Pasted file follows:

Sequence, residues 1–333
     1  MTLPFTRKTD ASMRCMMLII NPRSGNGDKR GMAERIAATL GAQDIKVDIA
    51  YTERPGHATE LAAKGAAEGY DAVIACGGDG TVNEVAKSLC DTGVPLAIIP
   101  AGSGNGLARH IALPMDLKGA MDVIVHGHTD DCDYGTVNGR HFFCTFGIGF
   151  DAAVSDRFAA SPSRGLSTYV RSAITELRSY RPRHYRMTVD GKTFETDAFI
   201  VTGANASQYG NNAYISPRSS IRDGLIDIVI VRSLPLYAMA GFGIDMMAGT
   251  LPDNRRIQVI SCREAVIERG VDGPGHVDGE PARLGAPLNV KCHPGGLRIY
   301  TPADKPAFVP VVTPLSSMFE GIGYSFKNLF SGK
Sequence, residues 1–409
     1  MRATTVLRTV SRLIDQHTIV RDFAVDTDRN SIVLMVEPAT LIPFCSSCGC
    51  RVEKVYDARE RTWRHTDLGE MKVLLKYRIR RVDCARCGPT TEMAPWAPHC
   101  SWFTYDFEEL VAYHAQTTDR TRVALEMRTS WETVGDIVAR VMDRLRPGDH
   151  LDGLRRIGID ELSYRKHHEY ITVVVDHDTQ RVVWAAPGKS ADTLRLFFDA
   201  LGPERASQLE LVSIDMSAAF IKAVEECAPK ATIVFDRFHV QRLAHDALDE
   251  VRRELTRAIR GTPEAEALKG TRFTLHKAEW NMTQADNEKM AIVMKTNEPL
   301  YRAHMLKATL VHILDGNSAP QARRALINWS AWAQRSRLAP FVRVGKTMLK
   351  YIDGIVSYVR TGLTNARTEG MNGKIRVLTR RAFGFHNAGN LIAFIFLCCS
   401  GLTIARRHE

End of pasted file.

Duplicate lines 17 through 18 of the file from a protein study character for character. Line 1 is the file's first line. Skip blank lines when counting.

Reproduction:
   351  YIDGIVSYVR TGLTNARTEG MNGKIRVLTR RAFGFHNAGN LIAFIFLCCS
   401  GLTIARRHE